Edited by Mattjvd, 01 December 2018 - 03:16 PM.

  • Mike K., Bernard, jonny and 1 other like this

#425 Lorenzo

Lorenzo
  • Member
  • 345 posts
  • LocationWest Shore

Posted 01 December 2018 - 07:35 PM

The CH 124 Sea King was officially retired after 55 years of serive and had their final flight today. A ceremony was held at 443 Maritime Helicopter Squadren at YYJ today.

I was at Clover Point this morning as they did a three chopper flypast. Pretty impressive. Managed to snap a few pictures. Going to miss them.


  • jonny likes this

#426 AllseeingEye

AllseeingEye

    AllSeeingEye

  • Member
  • 3,641 posts
  • LocationGorge

Posted 01 January 2019 - 06:23 PM

Was out and about walking off some of that Christmas turkey with Mrs ASE at Ogden Point, and snapped a few pics of the MV Asterix, the RCN stop gap fleet replenishment ship until we build the two *real* replacements for the Provider and Protecteur.

 

She is a nice looking ship and by RCN standards a big one - but in true Chinese Fire Drill-Canadian fashion - inasmuch as she was civilian designed as a container ship originally (later converted by Canada for the navy, hence the designation as MV and not "HMCS"), she has limited to no ability to sustain damage in a shooting situation; the ship also lacks any installed self-defense weapons systems, although there are provisions should the need arise. These issues prevent the ship from being deployed to hazardous combat areas.

 

Note the Christmas tree forward in a couple of these pics - paid for presumably by the Canadian taxpayer. Guess they don't subscribe to the Ben Isitt theory of 'public' religious symbolism. And no sighting of Ben down there today either....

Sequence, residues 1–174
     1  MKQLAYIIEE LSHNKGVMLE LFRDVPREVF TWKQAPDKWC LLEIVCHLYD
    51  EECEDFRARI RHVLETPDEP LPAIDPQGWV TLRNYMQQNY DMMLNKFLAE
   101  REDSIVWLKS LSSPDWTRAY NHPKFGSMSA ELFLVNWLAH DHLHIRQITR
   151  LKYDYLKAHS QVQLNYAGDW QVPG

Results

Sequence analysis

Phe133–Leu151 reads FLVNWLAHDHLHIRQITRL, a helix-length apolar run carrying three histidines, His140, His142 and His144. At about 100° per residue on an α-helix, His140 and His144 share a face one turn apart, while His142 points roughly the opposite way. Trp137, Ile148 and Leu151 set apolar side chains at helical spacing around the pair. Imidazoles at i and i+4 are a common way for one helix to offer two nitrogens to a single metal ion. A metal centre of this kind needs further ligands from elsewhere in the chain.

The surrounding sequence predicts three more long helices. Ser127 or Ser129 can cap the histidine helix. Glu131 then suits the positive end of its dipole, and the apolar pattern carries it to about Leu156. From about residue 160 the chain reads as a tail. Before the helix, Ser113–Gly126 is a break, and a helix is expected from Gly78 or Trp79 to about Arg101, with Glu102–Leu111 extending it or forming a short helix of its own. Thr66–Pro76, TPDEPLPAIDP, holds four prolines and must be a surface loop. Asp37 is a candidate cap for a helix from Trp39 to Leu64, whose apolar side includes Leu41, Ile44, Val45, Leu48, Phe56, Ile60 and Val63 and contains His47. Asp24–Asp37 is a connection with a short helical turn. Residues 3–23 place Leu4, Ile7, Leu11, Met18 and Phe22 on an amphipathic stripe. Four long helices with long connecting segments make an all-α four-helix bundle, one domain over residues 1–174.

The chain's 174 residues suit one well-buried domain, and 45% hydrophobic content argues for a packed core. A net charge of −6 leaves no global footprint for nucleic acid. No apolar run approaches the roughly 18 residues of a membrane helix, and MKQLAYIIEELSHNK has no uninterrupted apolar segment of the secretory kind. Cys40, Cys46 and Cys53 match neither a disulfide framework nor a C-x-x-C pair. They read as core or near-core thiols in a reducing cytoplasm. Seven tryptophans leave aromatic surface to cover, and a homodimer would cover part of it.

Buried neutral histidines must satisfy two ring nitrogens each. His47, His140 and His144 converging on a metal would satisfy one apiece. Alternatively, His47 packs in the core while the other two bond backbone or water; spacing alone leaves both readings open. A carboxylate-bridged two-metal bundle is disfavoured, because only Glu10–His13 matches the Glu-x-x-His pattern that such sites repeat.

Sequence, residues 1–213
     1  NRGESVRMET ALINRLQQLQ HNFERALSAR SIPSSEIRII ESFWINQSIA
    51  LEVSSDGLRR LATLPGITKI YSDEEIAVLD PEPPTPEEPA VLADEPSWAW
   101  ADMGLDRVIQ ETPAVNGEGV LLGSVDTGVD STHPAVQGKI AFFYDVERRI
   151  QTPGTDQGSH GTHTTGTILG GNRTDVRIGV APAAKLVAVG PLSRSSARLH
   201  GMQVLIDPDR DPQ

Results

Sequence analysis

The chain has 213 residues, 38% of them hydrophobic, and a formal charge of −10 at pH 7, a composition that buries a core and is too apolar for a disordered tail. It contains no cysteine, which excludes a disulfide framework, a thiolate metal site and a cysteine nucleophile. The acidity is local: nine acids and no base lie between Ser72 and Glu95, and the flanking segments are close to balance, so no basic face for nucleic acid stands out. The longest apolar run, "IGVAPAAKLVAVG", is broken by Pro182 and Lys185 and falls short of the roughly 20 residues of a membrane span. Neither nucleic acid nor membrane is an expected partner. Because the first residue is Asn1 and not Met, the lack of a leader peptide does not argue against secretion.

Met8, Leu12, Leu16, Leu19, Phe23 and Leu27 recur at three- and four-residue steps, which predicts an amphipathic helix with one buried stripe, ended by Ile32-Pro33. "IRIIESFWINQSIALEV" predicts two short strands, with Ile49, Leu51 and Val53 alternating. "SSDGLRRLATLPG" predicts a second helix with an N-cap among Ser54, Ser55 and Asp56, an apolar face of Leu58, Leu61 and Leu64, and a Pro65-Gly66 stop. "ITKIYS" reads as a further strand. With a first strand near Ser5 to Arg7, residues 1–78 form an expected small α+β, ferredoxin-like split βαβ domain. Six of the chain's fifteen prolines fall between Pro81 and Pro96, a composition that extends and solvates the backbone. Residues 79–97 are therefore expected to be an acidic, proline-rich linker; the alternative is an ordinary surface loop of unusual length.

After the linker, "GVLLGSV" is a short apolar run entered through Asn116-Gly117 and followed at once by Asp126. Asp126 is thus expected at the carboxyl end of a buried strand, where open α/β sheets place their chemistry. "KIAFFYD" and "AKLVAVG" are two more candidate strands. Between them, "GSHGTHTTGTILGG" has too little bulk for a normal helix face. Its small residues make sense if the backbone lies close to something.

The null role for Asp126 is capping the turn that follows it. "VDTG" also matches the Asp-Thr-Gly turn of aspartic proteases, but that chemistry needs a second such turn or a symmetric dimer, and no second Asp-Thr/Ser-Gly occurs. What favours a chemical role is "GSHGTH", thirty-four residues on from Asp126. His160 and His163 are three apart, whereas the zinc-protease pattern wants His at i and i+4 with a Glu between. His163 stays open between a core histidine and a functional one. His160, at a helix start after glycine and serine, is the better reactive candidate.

Attached Images

  • 20190101_123616.jpg
  • 20190101_123551.jpg
  • 20190101_123513.jpg
  • 20190101_123434.jpg
  • 20190101_123350.jpg

  • todd likes this

#427 LJ

LJ
  • Member
  • 8,685 posts

Posted 01 January 2019 - 07:22 PM

^Provider had no armaments either, she (sometimes) had helicopters that could be armed with torpedoes but nothing built in.

 

It was also built to civilian standards, no extra protections there either.


Life's a journey......so roll down the window and enjoy the breeze.

#428 AllseeingEye

AllseeingEye

    AllSeeingEye

  • Member
  • 3,641 posts
  • LocationGorge

Posted 01 January 2019 - 08:10 PM

Yup which was partially my point; almost all other navies' replenishment ships have at the minimum some combination of CIWS or Bofors, Oerlikon or even surface to air weapons in the case of the Berlin-class ships of the German Navy.

 

Not sure why we insist on not following suit like the RN, USN, the Kreigsmarine and other major navies. HMAS Sirius was like Asterix a civilian tanker purchased by HMAS well over a decade ago and at least features various calibre machine guns it can bring to bear.

 

I guess we want to uphold our reputation as the World's Nice Guy nation. More likely I'm guessing its typical Canadian military budget-related bs.